Maybe I had too much time on my own, I made it a point to eat well this trip. I must admit that I ate more than necessary, sometimes out of sentimental reasons like the cheese burger at In-N-Out.
Some years ago, a friend brought me to In-N-Out Burger near San Francisco and I fell in love with the amazing cheeseburger. I'm not a fan of hamburgers but the one I ate really blew my mind. I remember how the soft and fluffy buns were toasted at the stove until the sides were slightly charred and the patty was so soft, the entire burger melted in my mouth. The fries were crispy with a buttery taste, they were the best I've ever had.
At that time, the outlet at San Rafael was teeming with people waiting for their numbers to be called. The hive of energy made our burger joints in Singapore pale in comparison. My first experience at In-N-Out was a most memorable one. Even though I had been back to USA many times after that, I didn't get a chance to savour another In-N-Out burger.
So when I walked by this outlet at Costa Mesa on Saturday morning, I went right in. It was early and I was the 8th customer. I ordered the set meal and waited for my number to be called. The kitchen staff appeared to be newcomers who looked quite lost and were reprimanded by the manager more than once. As I watched them assembling the burgers, I noticed they lacked the skill and energy. And they didn't toast the buns!
To me, toasting the buns had given the burgers that special edge over the garden variety burgers out there. You should see my disappointed face when I collected my order.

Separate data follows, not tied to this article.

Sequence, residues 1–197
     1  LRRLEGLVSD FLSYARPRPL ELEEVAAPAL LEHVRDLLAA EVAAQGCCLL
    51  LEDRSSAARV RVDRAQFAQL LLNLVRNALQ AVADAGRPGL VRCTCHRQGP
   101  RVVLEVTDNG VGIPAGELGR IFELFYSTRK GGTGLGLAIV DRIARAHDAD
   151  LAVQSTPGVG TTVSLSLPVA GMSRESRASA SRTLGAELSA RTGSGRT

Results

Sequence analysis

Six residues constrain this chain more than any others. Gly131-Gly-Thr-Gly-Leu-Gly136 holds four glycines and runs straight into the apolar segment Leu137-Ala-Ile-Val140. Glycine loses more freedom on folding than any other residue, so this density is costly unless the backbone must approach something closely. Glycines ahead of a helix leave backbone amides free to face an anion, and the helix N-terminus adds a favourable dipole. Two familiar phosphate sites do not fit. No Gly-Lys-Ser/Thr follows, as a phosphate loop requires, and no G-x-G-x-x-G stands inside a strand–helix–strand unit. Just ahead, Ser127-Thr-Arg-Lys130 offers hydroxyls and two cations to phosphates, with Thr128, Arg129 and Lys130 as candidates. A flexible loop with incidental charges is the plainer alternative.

To be fair, the bun was very soft, still miles ahead of the competition. The patty was so tender and juicy, every bite was satisfying. It would have been better if the buns were toasted though. The fries didn't fare too well. Though they were freshly fried, some weren't very crispy. More importantly, they have lost that buttery taste I remember so well. I suspect they use a healthier type of oil here because of the clientele. The one I went to in San Rafael was filled with hungry truck drivers whereas this one in Orange County caters to families.
I shouldn't have ordered the fries because I ended up thowing away most of it. After the heavy breakfast, I went shopping at South Coast Plaza for the next 4 hours.
Everything in USA, from the meals to hotel rooms, is larger than normal. It is no surprise that South Coast Plaza is so sprawling that in the 2 days I was there, I couldn't cover all the stores. I must have walked for miles and miles before I realised it was almost 3pm. Most of the restaurants have stopped serving lunch, so I ended up at ZCafe again.
The chicken salad I ordered was a mistake. The grilled chicken breast was dry, tough, overly charred and horribly bitter. I decided against sending it back and ate up the greens instead.
From ZCafe, I could see Hamamori nearby. Now, according to a food critic (forgotten his name), this restaurant is a gem and yet to be discovered by foodies. For two days, I had arrived too late for lunch as they close at 2.30pm. I was so determined to dine here before I leave LA, I hung around the mall for 2 more hours.
I was one of the first to arrive when the restaurant reopened at 5pm. There are so many dishes on the menu that I wanted to try but how much can I eat? I went for an appetiser and a sushi platter.
The complimentary miso soup and salad were a pleasant surprise.
The miso soup was chockful of goodies like fresh mushrooms, onions and even small diced sweet potato. It was really delicious.
The humble looking green salad, drenched in a zesty dressing with a hint of tahini, was surprisingly good. It was such a pleasure to eat garden-fresh produce that is so lacking in Singapore (cos we import everything), I savoured every bite of the sweet carrot and crispy greens. The chef is really a genius to add candied cashew and fresh raspberries into the salad which really made the salad outstanding.